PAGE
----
The March of the Living organization’s leaders on Sunday announced that, owing to the spread of coronavirus, especially in Europe and the United States, this year’s March of the Living in Poland on Holocaust Memorial Day will be postponed.
The program was established in 1988 and takes place annually for two weeks around April and May, immediately following Passover. Marchers have come from over 50 countries, including the United States, Israel, Canada, Australia, New Zealand, China, Estonia, Panama, Mexico, Argentina, Brazil, Hungary, and Turkey.
The climax of the program is the March of the Living, which is designed to contrast with the death marches that took place towards the end of World War II. When Nazi Germany withdrew its soldiers from the camps in Poland, the inmates – starved and stricken with disease – were forced to march hundreds of miles to the west, with those who lagged shot or left to freeze to death. The March of the Living illustrates the continued existence of the Jewish people despite the Nazi plot to exterminate us.
March of the Living World Chair Dr. Shmuel Rosenman said in a statement: “After consulting with the relevant health bodies and officials, it is with a heavy heart that we are forced to announce the postponement of this year’s March of the Living in Poland. Our primary concern is the health of the many participants and the Holocaust survivors who would be joining them. Given that this is an international event involving 110 delegations from around the world, we have a responsibility to take precautionary measures in accordance with the guidelines given by authorities in various countries.”
Dr. Rosenman said that “plans for re-scheduling the march in Poland later this year are underway, with informed consideration to global health conditions and community needs.”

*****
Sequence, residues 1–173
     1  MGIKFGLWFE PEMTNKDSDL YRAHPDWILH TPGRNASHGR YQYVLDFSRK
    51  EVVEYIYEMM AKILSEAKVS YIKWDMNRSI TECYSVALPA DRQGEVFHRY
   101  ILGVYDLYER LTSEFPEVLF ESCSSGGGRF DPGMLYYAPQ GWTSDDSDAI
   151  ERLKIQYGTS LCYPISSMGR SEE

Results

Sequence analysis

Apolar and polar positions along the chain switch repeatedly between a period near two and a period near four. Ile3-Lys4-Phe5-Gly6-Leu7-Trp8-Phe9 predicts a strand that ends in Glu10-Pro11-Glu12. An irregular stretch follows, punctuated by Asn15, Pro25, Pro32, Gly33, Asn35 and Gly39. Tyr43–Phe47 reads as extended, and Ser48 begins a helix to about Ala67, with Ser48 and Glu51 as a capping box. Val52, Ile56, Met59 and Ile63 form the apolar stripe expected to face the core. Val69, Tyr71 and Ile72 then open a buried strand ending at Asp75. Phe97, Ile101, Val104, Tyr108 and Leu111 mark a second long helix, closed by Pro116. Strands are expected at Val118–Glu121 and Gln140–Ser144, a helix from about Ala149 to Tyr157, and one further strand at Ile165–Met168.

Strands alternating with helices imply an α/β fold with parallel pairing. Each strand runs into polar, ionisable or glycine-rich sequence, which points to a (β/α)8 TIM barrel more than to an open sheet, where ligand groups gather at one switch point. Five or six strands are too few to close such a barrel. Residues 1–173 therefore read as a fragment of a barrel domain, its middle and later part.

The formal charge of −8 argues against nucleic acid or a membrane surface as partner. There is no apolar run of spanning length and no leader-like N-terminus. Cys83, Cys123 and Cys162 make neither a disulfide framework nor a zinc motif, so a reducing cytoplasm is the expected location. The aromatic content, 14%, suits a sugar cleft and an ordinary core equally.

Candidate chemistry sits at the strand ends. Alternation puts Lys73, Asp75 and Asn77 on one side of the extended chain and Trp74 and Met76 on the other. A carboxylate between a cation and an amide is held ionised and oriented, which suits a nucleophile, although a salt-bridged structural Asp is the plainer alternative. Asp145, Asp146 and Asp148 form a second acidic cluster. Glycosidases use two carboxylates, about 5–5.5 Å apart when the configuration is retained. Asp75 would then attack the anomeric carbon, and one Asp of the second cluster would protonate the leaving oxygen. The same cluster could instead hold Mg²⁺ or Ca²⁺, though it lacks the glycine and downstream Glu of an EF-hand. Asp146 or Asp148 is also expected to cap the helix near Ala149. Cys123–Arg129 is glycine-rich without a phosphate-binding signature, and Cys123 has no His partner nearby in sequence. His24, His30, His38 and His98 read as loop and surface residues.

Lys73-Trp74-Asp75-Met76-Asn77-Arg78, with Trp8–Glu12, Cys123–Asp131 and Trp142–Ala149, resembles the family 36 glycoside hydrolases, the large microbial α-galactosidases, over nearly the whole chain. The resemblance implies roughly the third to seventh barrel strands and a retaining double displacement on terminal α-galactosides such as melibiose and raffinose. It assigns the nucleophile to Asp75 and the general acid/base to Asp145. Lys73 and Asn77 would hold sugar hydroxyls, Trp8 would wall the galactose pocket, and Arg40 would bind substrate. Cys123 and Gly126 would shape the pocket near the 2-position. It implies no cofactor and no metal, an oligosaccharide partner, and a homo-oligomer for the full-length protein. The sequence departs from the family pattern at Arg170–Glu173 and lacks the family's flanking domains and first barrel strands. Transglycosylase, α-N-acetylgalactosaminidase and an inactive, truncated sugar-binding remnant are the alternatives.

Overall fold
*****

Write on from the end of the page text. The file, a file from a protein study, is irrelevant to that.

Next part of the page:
While the march itself is being postponed, the March of the Living organization will launch a campaign encouraging youth across the world to combat anti-Semitism and racism under the slogan: “Never Means Never,” possibly borrowing from the Me Too movement’s “No Means No.”
“Our educational message, especially in the face of rising anti-Semitism, will be communicated by other means this year,” Dr. Rosenman said. “Even if we are not able to be in Poland, we remain thoroughly committed to our values and our historic role. March of the Living organizers are exploring the educational alternatives, in which communities across the world would be able to participate in such a campaign.”
March of the Living President Phyllis Greenberg Heideman, said in a statement: “It is with a heavy heart due to the global attack of the coronavirus we will not march together on Yom HaShoah 2020. This by no means implies that we will be deterred from our mission and responsibility to remember the past and pay tribute to those who perished or honor those who survived. We will remain committed to educating the next generation and combating anti-Semitism, even as we look forward to our next March in Poland”.
To date, more than 300,000 participants from 52 countries have walked along the 3.2 kilometer long railroad tracks from Auschwitz to Birkenau.